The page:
Diarrhea is the passing of loose or watery stools three or more times a day. It may also be accompanied by cramps in the abdomen and pain or discomfort in the rectum. When mild, diarrhea is an inconvenience, but left untreated, it can lead to serious problems, such as dehydration, loss of important nutrients, weight loss and fatigue.

What causes diarrhea?

Causes may include treatment, the cancer itself, certain foods, and conditions and medications not related to cancer.

Treatments that can cause diarrhea include chemotherapy, immunotherapy, targeted therapy, radiation therapy to the pelvis, surgical removal of a part of the bowel, and Graft-versus-Host Disease, a side effect of bone marrow/stem cell transplantation.

Cancers that affect the pancreas, colorectal cancer and neuroendocrine tumors of the gastrointestinal tract can cause diarrhea.

Other conditions and medications that may lead to diarrhea include:

  • Antibiotics
  • Infection with Clostridium difficile, a bacterium also known as C. diff
  • Inability to digest certain foods
  • Infection with other bacteria
  • Irritable or inflammatory bowel disease
  • Viral infection

When does diarrhea occur?

Treatment-related diarrhea is usually a short-term side effect that typically occurs within the first few days or weeks after treatment and typically resolves within a few weeks after the end of treatment.

How you can manage diarrhea

Following a bland diet can help prevent or lessen diarrhea. Once diarrhea occurs, switching to only clear liquids may help the lining of your intestines heal. Clear liquids include water, cranberry juice, ginger ale, clear broth, popsicles, decaffeinated tea and gelatin. As diarrhea begins to improve, you can slowly add solid foods to your diet, starting with low-fiber foods (such as white rice or noodles).

When you have diarrhea, your body loses fluid and important minerals. Drink plenty of clear liquids to help replace fluids in your body. Eat foods that are high in potassium, such as spinach and bananas, as this important mineral is often lost during diarrhea.

Over-the-counter medicines are available to control diarrhea, but be sure to consult your medical team before taking them. If diarrhea is severe, a prescription may be necessary.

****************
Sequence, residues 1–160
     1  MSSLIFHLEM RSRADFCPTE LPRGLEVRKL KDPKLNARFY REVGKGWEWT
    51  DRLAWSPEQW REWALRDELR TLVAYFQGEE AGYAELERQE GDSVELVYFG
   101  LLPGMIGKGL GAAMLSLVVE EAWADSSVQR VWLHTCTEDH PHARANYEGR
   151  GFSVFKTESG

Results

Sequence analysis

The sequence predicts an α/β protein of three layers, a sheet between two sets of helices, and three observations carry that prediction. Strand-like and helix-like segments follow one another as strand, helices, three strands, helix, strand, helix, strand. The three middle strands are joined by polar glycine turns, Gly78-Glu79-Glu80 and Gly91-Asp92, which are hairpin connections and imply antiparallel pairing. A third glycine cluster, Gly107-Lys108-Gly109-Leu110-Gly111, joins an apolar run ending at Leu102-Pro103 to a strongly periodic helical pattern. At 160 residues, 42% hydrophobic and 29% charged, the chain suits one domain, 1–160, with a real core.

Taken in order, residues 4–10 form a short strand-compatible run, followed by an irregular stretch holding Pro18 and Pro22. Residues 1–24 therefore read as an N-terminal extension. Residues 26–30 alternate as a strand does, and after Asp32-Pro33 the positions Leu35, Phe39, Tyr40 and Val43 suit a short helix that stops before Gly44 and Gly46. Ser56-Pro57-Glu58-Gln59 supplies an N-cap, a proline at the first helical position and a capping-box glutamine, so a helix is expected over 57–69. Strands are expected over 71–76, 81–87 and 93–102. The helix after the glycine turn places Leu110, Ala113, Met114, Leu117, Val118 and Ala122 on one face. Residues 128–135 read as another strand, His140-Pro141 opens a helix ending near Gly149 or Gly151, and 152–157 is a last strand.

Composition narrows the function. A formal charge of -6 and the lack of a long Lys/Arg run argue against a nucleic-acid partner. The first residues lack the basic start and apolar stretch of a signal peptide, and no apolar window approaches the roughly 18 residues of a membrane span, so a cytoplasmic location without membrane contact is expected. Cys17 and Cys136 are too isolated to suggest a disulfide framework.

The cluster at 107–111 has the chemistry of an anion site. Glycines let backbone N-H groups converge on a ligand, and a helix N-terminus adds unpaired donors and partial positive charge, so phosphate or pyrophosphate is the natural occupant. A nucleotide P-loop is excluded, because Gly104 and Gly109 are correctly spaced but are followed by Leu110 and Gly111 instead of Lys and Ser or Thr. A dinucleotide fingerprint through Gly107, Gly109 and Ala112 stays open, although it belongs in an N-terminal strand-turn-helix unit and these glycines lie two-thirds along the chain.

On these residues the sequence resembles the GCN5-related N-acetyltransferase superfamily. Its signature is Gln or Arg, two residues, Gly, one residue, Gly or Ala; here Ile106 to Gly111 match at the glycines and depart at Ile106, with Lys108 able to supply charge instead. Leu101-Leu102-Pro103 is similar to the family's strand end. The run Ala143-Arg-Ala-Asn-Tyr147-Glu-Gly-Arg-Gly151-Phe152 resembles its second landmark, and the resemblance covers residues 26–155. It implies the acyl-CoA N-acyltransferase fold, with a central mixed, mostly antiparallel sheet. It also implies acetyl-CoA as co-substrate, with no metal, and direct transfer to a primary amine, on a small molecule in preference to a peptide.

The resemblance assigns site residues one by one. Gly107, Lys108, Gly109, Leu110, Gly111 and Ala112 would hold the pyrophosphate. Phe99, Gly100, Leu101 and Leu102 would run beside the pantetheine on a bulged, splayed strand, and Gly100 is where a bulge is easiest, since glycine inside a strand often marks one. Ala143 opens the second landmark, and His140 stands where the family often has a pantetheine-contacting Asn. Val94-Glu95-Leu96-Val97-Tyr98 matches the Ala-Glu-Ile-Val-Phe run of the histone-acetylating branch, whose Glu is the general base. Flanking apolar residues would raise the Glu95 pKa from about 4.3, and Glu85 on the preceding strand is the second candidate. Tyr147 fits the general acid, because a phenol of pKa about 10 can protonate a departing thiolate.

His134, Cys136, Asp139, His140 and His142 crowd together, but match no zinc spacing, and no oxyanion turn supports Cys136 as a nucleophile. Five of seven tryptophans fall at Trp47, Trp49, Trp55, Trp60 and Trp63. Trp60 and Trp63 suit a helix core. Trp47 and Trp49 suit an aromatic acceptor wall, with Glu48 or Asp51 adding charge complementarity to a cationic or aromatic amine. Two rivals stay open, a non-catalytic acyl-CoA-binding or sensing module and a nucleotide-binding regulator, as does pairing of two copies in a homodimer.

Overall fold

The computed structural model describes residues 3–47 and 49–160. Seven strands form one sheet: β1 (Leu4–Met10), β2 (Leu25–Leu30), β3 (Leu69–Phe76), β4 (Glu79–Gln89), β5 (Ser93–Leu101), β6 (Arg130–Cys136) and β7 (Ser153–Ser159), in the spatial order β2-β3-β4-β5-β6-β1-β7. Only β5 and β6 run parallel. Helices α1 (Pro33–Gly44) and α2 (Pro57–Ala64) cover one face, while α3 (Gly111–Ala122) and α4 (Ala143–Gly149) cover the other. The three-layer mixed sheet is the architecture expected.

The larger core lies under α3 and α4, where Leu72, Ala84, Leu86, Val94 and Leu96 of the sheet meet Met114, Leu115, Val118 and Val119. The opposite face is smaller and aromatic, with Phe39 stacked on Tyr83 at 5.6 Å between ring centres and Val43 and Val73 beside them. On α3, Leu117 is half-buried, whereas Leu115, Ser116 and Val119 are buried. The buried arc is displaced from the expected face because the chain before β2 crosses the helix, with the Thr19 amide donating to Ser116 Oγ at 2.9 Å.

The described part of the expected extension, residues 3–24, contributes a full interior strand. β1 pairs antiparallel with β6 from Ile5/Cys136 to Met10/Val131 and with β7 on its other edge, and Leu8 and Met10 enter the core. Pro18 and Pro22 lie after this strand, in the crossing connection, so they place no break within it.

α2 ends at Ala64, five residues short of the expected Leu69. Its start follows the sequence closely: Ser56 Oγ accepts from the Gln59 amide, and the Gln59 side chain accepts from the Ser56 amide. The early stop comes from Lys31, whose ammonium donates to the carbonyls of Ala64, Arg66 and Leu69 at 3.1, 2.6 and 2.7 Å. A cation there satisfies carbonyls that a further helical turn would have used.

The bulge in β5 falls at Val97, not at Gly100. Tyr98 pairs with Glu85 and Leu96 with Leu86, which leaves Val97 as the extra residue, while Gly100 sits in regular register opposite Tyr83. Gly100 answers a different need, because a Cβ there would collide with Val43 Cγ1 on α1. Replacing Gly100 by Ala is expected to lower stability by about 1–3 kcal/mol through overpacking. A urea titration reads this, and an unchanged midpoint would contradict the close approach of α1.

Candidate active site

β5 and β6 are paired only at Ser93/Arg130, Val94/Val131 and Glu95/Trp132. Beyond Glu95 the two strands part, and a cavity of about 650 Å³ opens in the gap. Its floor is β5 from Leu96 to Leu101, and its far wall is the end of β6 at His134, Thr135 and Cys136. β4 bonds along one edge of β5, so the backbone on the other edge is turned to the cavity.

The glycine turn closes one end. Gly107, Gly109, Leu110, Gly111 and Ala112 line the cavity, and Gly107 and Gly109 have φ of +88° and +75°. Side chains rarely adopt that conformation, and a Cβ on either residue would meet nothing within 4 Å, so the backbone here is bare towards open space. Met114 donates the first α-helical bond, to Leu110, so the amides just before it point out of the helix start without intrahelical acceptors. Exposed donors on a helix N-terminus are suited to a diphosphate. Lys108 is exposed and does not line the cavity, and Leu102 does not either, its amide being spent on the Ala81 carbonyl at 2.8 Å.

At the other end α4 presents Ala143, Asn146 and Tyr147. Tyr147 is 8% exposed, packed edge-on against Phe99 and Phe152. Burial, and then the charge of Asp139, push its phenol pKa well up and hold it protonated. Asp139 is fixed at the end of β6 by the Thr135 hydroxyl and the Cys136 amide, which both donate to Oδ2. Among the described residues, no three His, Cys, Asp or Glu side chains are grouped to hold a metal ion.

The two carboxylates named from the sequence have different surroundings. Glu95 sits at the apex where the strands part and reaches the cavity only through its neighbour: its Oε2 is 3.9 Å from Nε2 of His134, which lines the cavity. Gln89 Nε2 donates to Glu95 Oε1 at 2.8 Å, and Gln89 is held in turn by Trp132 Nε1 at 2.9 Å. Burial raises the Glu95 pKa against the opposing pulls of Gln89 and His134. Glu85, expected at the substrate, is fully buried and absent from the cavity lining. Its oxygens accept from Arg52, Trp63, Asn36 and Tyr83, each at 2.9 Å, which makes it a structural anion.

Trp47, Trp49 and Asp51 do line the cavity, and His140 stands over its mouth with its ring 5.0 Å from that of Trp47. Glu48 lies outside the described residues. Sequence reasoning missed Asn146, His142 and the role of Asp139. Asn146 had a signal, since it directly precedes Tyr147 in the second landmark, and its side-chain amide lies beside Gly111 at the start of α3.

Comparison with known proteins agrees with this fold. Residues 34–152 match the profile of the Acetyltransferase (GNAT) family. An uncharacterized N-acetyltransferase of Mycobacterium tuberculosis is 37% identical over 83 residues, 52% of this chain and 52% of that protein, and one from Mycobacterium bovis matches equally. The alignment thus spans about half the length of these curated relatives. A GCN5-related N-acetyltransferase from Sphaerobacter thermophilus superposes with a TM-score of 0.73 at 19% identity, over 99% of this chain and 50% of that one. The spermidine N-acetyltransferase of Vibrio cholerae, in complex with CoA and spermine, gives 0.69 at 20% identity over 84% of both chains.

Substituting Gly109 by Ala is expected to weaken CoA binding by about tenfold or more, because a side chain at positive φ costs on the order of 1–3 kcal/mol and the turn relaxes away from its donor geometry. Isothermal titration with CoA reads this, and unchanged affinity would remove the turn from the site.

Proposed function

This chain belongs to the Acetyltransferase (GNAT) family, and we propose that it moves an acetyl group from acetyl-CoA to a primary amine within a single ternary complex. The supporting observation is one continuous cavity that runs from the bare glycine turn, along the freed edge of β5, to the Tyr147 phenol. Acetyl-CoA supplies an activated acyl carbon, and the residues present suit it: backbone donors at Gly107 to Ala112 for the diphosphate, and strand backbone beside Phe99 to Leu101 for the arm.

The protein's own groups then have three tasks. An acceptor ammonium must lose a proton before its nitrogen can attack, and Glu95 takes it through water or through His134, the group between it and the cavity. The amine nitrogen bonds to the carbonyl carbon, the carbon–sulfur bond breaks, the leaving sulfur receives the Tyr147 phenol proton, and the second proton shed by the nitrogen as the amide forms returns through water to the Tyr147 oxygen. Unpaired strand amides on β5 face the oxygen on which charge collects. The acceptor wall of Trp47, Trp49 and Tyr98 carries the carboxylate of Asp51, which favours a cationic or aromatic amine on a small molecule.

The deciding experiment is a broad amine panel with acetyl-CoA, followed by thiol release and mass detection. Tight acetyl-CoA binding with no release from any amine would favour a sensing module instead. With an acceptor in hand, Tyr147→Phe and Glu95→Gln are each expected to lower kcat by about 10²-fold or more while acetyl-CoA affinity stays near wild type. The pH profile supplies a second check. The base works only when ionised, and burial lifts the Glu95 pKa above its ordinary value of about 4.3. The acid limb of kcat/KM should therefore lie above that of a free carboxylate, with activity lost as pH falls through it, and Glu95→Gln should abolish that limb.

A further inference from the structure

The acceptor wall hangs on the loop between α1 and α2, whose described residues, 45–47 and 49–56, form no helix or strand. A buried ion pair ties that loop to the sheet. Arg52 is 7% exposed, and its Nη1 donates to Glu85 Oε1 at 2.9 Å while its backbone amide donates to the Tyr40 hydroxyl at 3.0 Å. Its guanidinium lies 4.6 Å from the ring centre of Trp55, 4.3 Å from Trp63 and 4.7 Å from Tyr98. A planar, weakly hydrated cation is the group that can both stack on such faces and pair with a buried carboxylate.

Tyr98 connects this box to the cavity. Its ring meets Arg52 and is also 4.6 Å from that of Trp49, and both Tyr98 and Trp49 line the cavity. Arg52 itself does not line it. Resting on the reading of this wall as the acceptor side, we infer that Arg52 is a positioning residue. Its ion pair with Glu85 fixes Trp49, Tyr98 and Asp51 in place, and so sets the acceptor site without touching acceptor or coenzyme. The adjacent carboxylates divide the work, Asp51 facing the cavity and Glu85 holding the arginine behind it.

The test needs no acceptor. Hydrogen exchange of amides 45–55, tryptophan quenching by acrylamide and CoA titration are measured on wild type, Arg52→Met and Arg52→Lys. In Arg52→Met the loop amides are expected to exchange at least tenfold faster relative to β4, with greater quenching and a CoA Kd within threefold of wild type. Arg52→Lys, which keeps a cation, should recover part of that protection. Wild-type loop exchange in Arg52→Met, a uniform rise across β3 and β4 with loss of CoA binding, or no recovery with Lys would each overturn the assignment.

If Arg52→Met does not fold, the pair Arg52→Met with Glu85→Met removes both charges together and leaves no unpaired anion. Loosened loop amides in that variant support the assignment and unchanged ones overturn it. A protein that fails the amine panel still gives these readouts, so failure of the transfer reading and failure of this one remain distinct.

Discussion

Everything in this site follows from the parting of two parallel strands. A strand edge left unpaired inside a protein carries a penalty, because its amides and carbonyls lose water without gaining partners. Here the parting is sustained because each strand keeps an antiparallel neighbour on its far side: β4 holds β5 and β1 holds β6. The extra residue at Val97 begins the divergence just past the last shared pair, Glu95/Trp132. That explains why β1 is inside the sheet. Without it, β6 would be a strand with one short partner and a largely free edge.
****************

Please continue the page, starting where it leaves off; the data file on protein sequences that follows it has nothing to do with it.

Severe diarrhea may cause discomfort in the rectal area. To help soothe the area, clean the external rectal area with warm water and soap after bowel movements, soak in a warm bath or use a water-repellent cream.

Suggestions to help prevent and control diarrhea:

  • Drink six to eight glasses of fluid per day.
  • Avoid beverages with alcohol or caffeine, such as beer, wine, cola, coffee and tea.
  • Eat bland, low-fiber foods, such as white rice, boiled chicken, noodles and bananas.
  • Eat foods high in protein, calories and potassium that are easy to digest, such as eggs, baked potatoes, cooked cereals, bananas, macaroni and pasta, white toast, applesauce, apricots, crackers, pretzels and smooth peanut butter.
  • Eat more frequently but in smaller amounts.
  • Avoid foods that are high in fat, including fried or greasy food and cream sauces.
  • Avoid food that can irritate the digestive tract, such as milk products, chocolate, dried fruits, beans, popcorn, or spicy, greasy or fried food.

When to call your health care provider

Talking about diarrhea may seem embarrassing, but it is important to control diarrhea to avoid complications. Ask about your risk for it before treatment begins and share what your normal bowel regimen is. For example, if you have a history of irritable bowel syndrome (IBS), your health care provider may start you on an anti-diarrheal medication sooner, rather than waiting for diarrhea to strike.

Consult with your health care provider before taking over-the-counter medications and again if your diarrhea does not improve with them, especially if you have recently been taking antibiotics. Call if you experience any of the following:

  • Six or more loose bowel movements per day for more than two days in a row
  • Blood in the stool, around the anal area, on the toilet paper, or in the toilet bowl
  • Inability to urinate for at least 12 hours
  • Signs of a fever
  • Loss of five pounds or more after the diarrhea starts
  • A swollen and/or painful abdomen
  • Dizziness or light-headedness when moving to a standing position